On Sebastian Rödl’s “Self-Consciousness and Objectivity”, Or, The Refutation of Absolute Idealism

 

SEBASTIAN RÖDL | Self-Consciousness and Objectivity: An Introduction to Absolute Idealism | Cambridge, MA: Harvard University Press 2018

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By Robert Hanna

Sebastian Rödl’s recent book, Self-Consciousness and Objectivity: An Introduction to Absolute Idealism, just like Robert Brandom’s A Spirit of Trust (Brandom 2019), Irad Kimhi’s Thinking and Being (Kimhi 2018) and Robert Pippin’s Hegel’s Realm of Shadows (Pippin 2018)—all of these books appearing within the last two years, like so many oranges tumbling out of a dropped shopping bag—is another first-rate example of what I have called “Pittsburgh/Chicago-neo-Hegelianism-with-a-serious-dash-of-neo-Aristotelianism” (see Hanna 2018). Rödl’s book, in turn, strongly encourages me to expand that handy label into “Pittsburgh/Chicago/Leipzig-neo-Hegelianism-with-a-serious-dash-of-neo-Aristotelianism”.

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Over een extreem fenomenalistische lezing van Kant

 

EMANUEL RUTTEN | Contra Kant. Herwonnen ruimte voor transcendentie | Utrecht: Kok, 2020


 

7 April: An English translation can be downloaded here

 

Door Dennis Schulting

Het komt niet vaak voor dat er in het Nederlands een filosofisch werk uitkomt dat gewijd is aan Kants theoretische filosofie. Er bestaat in het Nederlandse taalveld niet een heel grote traditie van Kant-onderzoek, althans niet als geïnstitutionaliseerde academische wijsgerige activiteit (een enkele welkome uitzondering daargelaten). Daar zijn allerlei oorzaken van historische en sociologische aard voor aan te wijzen. Maar feit is dat met name in Nederland serieus onderzoek naar de filosofie van Kant in de naoorlogse tijd het ondergeschoven kindje is gebleven. Aangezien Kants Kritiek nu eenmaal vaste prik is in het onderwijscurriculum, waant elke filosoferende onderwijzer zich vaak een Kant-expert. Je als Kantiaanse filosoof laten voorstaan op echte expertise wordt dan gezien als zelfwaan. Met zo’n mentaliteit gedijt serieus Kant-onderzoek vanzelfsprekend niet goed. Read more

On Categorial Illusion in Kant

 

By Dennis Schulting

In this notice, I want to address a remark that Anil Gomes (2018) makes, in an excellent critique of my earlier book Kant’s Radical Subjectivism (Schulting 2017), with respect to the modal nature of the claim about the application of categories to objects, namely the belief—in my account—that ‘the destination claim [is] one about the objects of experience necessarily exemplifying the categories’. Gomes writes that this

seems too strong since, on the face of it, it looks like there can be categorial illusions: cases where the objects of judgement, experience, or perception seem to exemplify some category or other but actually fail to do so. (2018:101)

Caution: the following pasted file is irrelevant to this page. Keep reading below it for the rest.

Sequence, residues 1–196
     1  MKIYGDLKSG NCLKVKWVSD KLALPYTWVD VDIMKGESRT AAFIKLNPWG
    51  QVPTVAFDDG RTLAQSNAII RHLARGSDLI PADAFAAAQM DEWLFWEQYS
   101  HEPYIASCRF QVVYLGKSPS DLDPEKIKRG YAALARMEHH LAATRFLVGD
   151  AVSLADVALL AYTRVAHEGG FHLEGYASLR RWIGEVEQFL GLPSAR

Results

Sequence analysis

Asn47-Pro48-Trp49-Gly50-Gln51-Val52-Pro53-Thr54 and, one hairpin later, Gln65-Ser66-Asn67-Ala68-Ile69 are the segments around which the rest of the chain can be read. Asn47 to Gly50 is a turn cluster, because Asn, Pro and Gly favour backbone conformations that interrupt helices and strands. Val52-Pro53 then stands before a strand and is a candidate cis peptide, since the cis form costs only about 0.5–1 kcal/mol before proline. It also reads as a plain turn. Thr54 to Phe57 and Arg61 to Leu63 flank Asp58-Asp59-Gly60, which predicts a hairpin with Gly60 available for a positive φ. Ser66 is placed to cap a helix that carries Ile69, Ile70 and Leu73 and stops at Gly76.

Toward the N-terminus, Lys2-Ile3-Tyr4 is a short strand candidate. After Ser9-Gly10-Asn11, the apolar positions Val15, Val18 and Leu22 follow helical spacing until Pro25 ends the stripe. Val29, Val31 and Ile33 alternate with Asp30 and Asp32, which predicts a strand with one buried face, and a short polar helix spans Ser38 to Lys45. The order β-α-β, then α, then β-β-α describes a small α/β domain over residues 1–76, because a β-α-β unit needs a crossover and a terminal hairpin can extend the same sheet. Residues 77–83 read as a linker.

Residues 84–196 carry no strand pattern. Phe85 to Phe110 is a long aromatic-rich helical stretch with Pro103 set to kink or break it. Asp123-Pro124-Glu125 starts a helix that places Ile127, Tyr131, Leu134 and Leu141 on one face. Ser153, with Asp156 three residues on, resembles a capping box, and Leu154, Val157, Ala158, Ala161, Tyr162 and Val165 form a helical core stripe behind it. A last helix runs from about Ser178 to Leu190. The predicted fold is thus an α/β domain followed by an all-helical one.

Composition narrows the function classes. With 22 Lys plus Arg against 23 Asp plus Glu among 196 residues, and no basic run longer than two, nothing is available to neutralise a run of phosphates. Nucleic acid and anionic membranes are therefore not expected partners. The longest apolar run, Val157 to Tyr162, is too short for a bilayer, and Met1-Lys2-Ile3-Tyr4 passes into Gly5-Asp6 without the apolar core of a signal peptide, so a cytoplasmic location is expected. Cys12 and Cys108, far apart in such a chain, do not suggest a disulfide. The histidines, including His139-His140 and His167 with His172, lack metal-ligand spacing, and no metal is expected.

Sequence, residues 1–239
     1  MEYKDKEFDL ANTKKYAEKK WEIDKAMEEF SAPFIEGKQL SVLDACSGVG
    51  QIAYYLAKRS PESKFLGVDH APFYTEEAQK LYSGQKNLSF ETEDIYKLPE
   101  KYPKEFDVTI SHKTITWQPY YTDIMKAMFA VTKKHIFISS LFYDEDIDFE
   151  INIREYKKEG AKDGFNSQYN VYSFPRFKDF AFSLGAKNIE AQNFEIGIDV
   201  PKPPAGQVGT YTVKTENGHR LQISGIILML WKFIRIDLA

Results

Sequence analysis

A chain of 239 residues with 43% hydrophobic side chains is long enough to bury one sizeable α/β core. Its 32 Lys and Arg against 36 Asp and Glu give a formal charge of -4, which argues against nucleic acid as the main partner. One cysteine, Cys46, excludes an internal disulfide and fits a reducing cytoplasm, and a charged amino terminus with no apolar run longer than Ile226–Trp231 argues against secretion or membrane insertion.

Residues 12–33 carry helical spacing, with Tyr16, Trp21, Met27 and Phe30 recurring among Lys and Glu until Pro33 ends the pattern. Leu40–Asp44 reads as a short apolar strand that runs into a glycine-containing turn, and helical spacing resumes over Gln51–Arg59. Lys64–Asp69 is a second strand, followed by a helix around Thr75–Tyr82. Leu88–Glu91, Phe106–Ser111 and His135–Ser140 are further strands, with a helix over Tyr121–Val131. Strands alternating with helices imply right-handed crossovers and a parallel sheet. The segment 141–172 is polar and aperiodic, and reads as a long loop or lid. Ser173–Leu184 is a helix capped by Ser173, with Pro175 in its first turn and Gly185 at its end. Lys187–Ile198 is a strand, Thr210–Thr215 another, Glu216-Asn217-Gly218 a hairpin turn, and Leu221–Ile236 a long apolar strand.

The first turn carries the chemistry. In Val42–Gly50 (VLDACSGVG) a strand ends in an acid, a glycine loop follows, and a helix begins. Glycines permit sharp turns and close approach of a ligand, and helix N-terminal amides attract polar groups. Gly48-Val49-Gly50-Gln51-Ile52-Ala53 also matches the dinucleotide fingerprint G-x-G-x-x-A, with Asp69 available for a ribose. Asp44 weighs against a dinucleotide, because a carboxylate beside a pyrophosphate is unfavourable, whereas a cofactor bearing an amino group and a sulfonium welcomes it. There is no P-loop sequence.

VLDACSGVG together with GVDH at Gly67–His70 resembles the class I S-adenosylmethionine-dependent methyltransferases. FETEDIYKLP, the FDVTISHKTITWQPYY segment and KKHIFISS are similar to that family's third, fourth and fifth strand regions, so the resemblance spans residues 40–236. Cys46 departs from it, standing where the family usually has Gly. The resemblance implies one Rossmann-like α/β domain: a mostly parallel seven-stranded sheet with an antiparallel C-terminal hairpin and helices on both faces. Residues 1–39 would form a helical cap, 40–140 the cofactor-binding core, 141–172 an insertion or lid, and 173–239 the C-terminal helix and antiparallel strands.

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The Unity of Cognition and the Subjectivist vs. “Transformative” Approaches to the B-Deduction—Comments on James Conant

 

JAMES CONANT | ‘Why Kant is not a Kantian’ — Philosophical Topics 44(1) (2016): 75–125 / “Die Einheit des Erkenntnisvermögens bei Kant” —In A. Kern & C. Kietzmann, Selbstbewusstes Leben. Texte zu einer transformativen Theorie der menschlichen Subjektivität, pp. 229–69 | Berlin: Suhrkamp, 2017 / ‘Kant’s Critique of the Layer-Cake Conception of Human Mindedness in the B Deduction’—In J. O’Shea (ed.), Kant’s Critique of Pure Reason: A Critical Guide (Cambridge UP, 2017), pp. 120–39


 

This is the second essay in a series of critical engagements with important recent articles or papers by prominent Kant or Hegel scholars, including two or more critics and a reply by the author. In this second instalment, Dennis Schulting critically discusses James Conant’s recent article on the Transcendental Deduction; Conant’s reply to both this and Sacha Golob’s essay, published earlier, will be published in due course

 

[A REVISED VERSION OF THIS ARTICLE CAN BE FOUND HERE]

 

By Dennis Schulting

In an illuminating new essay ‘Die Einheit des Erkenntnisvermögens bei Kant’ (Conant 2017a), James Conant critically addresses what he argues is a widespread assumption in modern philosophy, namely, the assumption that our rational capacity to know is a capacity that is somehow “added” or tacked on to the capacity that we humans share with other animals, that is, our receptive capacity for sensations, our sensibility.[1] This is the so-called “additive” theory of cognition, more specifically of the relation between sensibility and the understanding.[2] He addresses this assumption by looking at the main argument of Kant’s Transcendental Deduction. Let me say upfront that I think Conant’s paper is one of the very few long-form pieces on the central thrust of the Deduction that I have read from the last twenty years or so, if not longer, that are as rhetorically strong as they are, on the whole, both interpretatively and philosophically appealing. I believe it is one of those papers that will, or at any rate should, be seen as a standard reference in the same way that Dieter Henrich’s influential article on the ‘two-step’ procedure of the B-Deduction has been—Conant indeed also refers to Henrich’s now famous ‘two-step’ proposal, but thinks that his own construal avoids what, in Conant’s view, can be seen as the delusive nature of Henrich’s overall framework, which suggests that there are indeed two independent, separably intelligible “steps in a proof” (Conant 2016:111).
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